From the Nashua Telegraph:
Democrats fall short on earmark reform
In 2007, when the Democrats were swept into majority positions in both houses of Congress, party leaders pledged to cut the number and cost of congressional earmarks in half. They failed.
Instead, these costly pet projects are being tacked onto appropriation bills at a record rate, and House Speaker Nancy Pelosi, D-Calif., on Monday officially backed away from efforts to impose a one-year moratorium.
From the Keene Sentinel:
When New Hampshire’s initial right-to-know law was signed more than four decades ago, the government’s records were paper, and most formal discussions of public policy took place in face-to-face meetings. These conditions can no longer be assumed. Many government records today are aggregations of data in computer files, and government officials occasionally discuss the public’s business remotely via e-mail or other electronic means.
From Foster's Daily Democrat:
The (un)fair tax
You don't get a reduced tax bill by opening the door to additional taxes.
Broad-based tax advocates are drooling over the thought of discouraging candidates from taking “the pledge.”
New Hampshire voters are wise to the direction such people want to take in imposing a general income or sales tax. They know it has nothing to do with relieving property tax burdens and everything to do with digging deeper into their pockets.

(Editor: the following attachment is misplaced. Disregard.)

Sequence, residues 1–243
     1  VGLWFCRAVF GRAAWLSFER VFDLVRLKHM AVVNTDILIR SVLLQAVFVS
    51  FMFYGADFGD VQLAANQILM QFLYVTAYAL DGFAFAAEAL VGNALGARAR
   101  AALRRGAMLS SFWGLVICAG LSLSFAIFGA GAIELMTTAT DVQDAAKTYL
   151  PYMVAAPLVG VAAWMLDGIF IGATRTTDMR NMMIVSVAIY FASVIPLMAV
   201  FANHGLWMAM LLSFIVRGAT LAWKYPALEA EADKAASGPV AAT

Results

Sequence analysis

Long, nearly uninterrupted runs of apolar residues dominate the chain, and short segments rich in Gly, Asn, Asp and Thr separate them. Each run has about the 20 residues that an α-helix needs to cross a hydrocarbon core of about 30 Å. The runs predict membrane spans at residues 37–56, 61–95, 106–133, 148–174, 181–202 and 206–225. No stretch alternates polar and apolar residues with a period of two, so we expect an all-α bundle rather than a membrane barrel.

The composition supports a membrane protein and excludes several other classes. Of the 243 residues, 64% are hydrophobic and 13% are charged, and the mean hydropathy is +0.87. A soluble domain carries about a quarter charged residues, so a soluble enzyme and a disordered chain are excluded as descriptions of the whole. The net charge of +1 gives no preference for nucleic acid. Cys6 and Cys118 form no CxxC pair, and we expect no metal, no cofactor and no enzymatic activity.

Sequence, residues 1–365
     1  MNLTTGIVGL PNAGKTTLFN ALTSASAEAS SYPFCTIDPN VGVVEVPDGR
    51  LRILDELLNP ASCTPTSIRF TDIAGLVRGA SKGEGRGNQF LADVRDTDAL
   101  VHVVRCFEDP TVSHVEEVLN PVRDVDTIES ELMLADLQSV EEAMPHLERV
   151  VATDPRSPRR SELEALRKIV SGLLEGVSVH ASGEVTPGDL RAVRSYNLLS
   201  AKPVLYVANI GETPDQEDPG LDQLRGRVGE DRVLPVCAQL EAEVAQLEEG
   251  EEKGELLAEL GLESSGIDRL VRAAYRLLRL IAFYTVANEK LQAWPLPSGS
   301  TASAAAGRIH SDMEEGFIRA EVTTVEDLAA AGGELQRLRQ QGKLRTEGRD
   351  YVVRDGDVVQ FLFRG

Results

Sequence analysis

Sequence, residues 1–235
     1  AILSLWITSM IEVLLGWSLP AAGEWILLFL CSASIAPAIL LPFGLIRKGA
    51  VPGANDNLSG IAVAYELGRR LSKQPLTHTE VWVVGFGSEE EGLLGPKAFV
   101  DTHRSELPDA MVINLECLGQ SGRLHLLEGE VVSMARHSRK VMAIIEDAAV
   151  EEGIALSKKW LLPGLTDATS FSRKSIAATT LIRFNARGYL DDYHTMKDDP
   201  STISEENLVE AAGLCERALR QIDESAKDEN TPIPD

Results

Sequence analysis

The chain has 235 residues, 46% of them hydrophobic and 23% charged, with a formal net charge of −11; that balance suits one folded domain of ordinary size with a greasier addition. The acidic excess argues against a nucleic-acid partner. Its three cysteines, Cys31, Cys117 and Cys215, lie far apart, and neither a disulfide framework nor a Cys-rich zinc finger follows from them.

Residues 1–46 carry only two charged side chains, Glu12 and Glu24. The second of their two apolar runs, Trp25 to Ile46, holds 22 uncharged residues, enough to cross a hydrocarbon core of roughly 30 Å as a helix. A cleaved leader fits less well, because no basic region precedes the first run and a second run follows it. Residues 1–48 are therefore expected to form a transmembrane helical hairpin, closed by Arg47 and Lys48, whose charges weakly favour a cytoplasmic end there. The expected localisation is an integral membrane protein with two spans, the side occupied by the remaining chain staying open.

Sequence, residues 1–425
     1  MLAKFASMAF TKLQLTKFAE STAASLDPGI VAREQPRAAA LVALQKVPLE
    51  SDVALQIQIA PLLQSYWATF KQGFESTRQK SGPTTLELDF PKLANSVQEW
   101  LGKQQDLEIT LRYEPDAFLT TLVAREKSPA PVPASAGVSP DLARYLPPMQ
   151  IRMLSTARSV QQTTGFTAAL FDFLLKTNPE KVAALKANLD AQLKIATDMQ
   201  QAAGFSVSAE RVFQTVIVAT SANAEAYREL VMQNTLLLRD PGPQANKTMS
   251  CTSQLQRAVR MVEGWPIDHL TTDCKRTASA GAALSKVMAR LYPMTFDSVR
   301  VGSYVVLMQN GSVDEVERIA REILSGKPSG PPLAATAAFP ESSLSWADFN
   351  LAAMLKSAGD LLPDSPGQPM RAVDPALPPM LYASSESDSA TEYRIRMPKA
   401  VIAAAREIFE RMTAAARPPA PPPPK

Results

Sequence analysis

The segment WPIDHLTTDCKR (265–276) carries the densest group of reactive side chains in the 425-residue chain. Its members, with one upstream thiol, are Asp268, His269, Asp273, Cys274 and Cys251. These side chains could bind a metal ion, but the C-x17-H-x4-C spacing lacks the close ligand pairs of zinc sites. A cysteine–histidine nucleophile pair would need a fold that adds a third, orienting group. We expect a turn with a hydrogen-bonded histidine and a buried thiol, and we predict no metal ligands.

The tax-and-spenders are at it again — this time under the guise of reducing property tax burdens.
And from the Concord Monitor:
Foreclosure bailouts are unfair to taxpayers
Eventually, the irony of bailing out one of the biggest players in the sub-prime mortgage industry while letting homeowners sink grew too big for Congress to ignore. A flurry of bills was filed to address the housing crisis.
On Thursday, the Senate voted to kill the one measure that would have done the most help to the 2 million or more households still facing foreclosure. It would have allowed bankruptcy court judges to cut the interest rate on a mortgage and lower the principal.
New Hampshire Sens. Judd Gregg and John Sununu voted with the majority and, hard-hearted as it might seem, they were right to do so.
Winning the Battle of Ideas